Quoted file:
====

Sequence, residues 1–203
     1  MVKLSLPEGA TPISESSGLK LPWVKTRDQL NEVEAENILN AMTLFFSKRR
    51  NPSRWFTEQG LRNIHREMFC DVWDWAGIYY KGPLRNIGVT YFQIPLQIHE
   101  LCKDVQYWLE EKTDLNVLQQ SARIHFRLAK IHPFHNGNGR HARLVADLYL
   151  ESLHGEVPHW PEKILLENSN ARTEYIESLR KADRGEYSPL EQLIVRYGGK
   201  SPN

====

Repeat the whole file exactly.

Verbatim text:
Sequence, residues 1–203
     1  MVKLSLPEGA TPISESSGLK LPWVKTRDQL NEVEAENILN AMTLFFSKRR
    51  NPSRWFTEQG LRNIHREMFC DVWDWAGIYY KGPLRNIGVT YFQIPLQIHE
   101  LCKDVQYWLE EKTDLNVLQQ SARIHFRLAK IHPFHNGNGR HARLVADLYL
   151  ESLHGEVPHW PEKILLENSN ARTEYIESLR KADRGEYSPL EQLIVRYGGK
   201  SPN